Discussion: A Critical Look at the Question of Class
The course text describes the impact of socioeconomic status on parenting style and the socialization of children. Berns defines four levels of “class” and describes characteristics of each. Yet, further reading implies that the concept—and reality—of social class may be more complex than the author’s presentation.
Your role as a student is not only to read for information, but also to read critically as well. Review the “Class Descriptions” and “Effects of Class” sections of the course text (pages 107-109), paying close attention to the values and behaviors ascribed to each class and especially the “lower class” and the “underclass.”
Then, review the “Class Matters: Shadowy Lines That Still Divide” article, which discusses modern views of social class in the United States.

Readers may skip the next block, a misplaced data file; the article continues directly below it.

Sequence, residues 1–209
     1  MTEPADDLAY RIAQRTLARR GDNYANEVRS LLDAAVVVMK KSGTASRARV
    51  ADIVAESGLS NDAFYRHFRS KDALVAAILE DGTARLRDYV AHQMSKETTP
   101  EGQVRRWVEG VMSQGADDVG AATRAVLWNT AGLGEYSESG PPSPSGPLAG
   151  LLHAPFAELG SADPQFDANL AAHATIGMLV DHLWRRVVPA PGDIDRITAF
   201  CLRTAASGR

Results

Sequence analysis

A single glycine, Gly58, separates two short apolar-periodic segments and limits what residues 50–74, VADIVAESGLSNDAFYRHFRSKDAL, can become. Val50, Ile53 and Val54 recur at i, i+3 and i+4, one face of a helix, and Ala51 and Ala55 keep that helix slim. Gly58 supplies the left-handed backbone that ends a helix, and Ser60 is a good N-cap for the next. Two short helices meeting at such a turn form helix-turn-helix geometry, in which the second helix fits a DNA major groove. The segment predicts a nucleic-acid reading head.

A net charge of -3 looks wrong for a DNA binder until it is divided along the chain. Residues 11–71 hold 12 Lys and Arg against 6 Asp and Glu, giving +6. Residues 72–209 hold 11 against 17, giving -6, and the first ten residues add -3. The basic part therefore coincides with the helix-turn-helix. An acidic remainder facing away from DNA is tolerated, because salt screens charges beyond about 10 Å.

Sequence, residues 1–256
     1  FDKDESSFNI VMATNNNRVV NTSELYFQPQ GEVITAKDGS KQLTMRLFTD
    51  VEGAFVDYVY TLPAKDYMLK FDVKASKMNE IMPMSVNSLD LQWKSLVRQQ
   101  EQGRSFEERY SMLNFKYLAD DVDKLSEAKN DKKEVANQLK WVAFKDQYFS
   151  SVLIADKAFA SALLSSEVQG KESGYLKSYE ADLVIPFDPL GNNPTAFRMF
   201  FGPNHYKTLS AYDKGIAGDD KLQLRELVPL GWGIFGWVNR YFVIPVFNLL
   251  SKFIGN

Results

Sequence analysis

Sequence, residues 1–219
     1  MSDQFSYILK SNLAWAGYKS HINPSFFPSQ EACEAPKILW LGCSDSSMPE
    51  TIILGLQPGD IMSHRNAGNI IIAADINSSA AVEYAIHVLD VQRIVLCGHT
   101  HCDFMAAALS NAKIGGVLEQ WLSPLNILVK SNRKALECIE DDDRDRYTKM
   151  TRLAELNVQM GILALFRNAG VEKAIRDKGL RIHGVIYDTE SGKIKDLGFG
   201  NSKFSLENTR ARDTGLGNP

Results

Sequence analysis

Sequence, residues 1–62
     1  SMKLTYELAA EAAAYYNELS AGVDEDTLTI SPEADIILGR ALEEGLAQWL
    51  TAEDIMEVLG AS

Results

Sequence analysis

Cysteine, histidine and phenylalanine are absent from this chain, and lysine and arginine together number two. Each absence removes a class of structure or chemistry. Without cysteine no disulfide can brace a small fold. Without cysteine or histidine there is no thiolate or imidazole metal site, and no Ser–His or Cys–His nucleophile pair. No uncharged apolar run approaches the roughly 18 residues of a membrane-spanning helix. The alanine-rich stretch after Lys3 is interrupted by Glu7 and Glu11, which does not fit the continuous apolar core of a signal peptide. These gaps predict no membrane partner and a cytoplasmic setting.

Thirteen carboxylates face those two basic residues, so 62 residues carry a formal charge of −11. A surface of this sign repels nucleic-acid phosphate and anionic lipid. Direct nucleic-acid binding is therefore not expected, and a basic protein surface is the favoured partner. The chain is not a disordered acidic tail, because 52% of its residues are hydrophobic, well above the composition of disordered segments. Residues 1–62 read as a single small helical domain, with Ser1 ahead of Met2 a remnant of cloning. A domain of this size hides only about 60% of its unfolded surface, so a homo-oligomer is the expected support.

Next, consider the following:
- What you know about class in America today
- Your experiences related to class
- The differences between the presentation of class in America today in the New York Times article and the description of class in the course text
- Your thoughts about those differences
- How children may be affected by class and by people’s attitudes and beliefs related to class
- How the information presented in your text might have a negative affect on teachers’ perceptions of children and their families
By Day 3
Based on the readings and your own experiences, post your thoughts in regard to:
- Your views on differences between social classes that have the most influence on outcomes for children
- In your future work with young children and families, how you will avoid allowing stereotypes, assumptions, and labels that can create negative and/or limited perceptions of children and families from influencing you